She’s a huge deal in the perfume world. She knows the recipes to virtually every perfume, and has even created many of the best sellers. She lives super comfortably, and her bourgeois lifestyle and abrasive personality are too exclusive to allow her to genuinely connect with people. Commoners are nothing but low-lives to Anne Walberg (Emmanuelle Devos); they are forced to socially distance from her even when there’s no pandemic, just by virtue of her personality.
He’s a chauffeur, newly assigned to drive Anne around. No reasonable human would be willing to put up with Anne’s entitlement issues, but a job’s a job, so Guillaume Favre (Grégory Montel) is gonna tolerate her. Maybe they’ll open up to each other throughout the journey and learn some valuable life lessons, just like in Driving Miss Daisy and Green Book and countless other movies. If any readers haven’t checked out by now, reading this bone-dry premise, they may belong to the bafflingly narrow target audience to whom this slight drama may mean anything.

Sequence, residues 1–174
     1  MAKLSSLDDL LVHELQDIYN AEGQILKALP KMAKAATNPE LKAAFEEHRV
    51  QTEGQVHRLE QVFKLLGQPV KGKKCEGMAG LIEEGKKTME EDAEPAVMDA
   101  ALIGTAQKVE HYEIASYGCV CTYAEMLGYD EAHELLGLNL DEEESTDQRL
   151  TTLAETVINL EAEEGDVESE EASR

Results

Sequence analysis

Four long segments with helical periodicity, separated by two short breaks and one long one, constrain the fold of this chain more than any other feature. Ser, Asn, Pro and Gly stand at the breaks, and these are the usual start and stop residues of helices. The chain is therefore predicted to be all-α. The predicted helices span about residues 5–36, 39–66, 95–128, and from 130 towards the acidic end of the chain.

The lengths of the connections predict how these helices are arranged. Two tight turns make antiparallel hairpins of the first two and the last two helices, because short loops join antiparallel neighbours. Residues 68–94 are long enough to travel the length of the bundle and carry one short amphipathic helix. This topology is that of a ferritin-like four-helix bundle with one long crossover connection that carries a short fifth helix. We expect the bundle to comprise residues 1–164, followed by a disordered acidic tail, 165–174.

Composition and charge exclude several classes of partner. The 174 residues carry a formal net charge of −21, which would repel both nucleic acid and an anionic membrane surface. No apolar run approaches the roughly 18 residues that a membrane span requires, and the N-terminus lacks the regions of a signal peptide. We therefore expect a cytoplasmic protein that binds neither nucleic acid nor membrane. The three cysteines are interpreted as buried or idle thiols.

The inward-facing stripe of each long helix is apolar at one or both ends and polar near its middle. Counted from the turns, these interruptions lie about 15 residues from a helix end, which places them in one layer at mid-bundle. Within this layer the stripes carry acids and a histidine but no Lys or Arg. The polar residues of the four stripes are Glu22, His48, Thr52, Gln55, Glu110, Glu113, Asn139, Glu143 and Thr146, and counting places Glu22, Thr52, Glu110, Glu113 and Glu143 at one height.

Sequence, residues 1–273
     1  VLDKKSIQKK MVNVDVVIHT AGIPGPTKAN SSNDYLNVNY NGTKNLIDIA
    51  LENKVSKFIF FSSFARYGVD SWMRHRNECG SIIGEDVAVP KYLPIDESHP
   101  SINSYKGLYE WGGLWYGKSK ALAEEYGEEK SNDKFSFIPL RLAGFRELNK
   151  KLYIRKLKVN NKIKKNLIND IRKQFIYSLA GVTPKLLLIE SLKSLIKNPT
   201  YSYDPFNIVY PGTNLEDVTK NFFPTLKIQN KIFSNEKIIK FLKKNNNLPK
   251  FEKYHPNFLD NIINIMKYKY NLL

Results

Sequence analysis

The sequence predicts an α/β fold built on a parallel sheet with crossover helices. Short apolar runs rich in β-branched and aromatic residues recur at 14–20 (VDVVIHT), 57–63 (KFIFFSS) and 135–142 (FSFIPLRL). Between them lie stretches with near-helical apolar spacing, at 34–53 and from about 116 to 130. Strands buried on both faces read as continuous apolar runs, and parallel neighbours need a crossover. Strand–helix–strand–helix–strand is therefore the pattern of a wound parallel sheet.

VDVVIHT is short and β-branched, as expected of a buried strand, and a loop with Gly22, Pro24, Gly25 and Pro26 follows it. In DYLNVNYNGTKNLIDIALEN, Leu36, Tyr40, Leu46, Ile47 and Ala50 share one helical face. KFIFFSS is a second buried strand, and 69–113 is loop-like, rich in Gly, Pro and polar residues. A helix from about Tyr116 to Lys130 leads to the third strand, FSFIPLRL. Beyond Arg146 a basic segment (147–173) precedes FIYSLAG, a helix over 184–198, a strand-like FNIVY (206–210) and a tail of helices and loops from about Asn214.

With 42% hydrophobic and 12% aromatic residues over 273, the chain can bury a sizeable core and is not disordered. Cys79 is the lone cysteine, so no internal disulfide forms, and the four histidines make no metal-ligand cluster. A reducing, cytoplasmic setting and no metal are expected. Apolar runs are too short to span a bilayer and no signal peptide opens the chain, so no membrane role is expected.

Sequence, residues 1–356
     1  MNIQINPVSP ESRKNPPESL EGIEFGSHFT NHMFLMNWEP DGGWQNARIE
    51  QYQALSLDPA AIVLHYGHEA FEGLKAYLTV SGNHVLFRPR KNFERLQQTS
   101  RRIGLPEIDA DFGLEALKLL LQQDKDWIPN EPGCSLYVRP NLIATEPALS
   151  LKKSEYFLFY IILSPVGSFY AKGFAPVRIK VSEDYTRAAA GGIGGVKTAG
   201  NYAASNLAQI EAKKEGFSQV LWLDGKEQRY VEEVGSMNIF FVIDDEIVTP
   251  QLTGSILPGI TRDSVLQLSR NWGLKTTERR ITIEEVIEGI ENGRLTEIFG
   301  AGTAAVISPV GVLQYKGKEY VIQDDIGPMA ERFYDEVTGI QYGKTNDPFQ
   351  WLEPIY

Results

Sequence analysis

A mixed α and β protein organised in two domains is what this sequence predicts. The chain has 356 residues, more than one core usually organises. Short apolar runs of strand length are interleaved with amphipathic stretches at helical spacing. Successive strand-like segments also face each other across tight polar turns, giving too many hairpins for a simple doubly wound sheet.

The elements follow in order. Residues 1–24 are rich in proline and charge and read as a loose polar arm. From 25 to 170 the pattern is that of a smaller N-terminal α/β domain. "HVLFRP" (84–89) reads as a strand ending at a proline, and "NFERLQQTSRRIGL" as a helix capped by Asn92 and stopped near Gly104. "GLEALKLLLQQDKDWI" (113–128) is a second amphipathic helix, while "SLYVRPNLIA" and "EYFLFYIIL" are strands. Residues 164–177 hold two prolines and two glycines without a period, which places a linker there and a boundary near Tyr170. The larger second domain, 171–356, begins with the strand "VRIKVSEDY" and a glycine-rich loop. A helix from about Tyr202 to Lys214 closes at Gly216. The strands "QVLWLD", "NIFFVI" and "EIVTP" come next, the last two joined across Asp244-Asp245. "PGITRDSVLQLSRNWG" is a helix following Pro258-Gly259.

Perfumes focuses on facets of life that mostly apply to a demographic which has never had to take a single political position in their life because they’re so privileged. With an inert dramatic hook, plain characters, and little subtext to chew on, there’s almost nothing to write home about besides the primitive cinematic elements. Sure, the film looks nice, with competent camera and lighting operators on the crew. Indeed, it sounds good too, owing to composer Gaëtan Russell’s ability to affix a sentimental undercurrent to a comatose script. And, most importantly, the actors are committed. Devos has a resting scowl that, deliberately or accidentally, adds extra layers to her character’s internal damage and external projections. Montel finely plays against her as the everyman. But, like that cheap pharmacy cologne that nobody’s checking for anymore, Perfumes is bland and has no lasting effect.
Perfumes is released digitally on Curzon Home Cinema on 21st August 2020.
Watch the trailer for Perfumes here: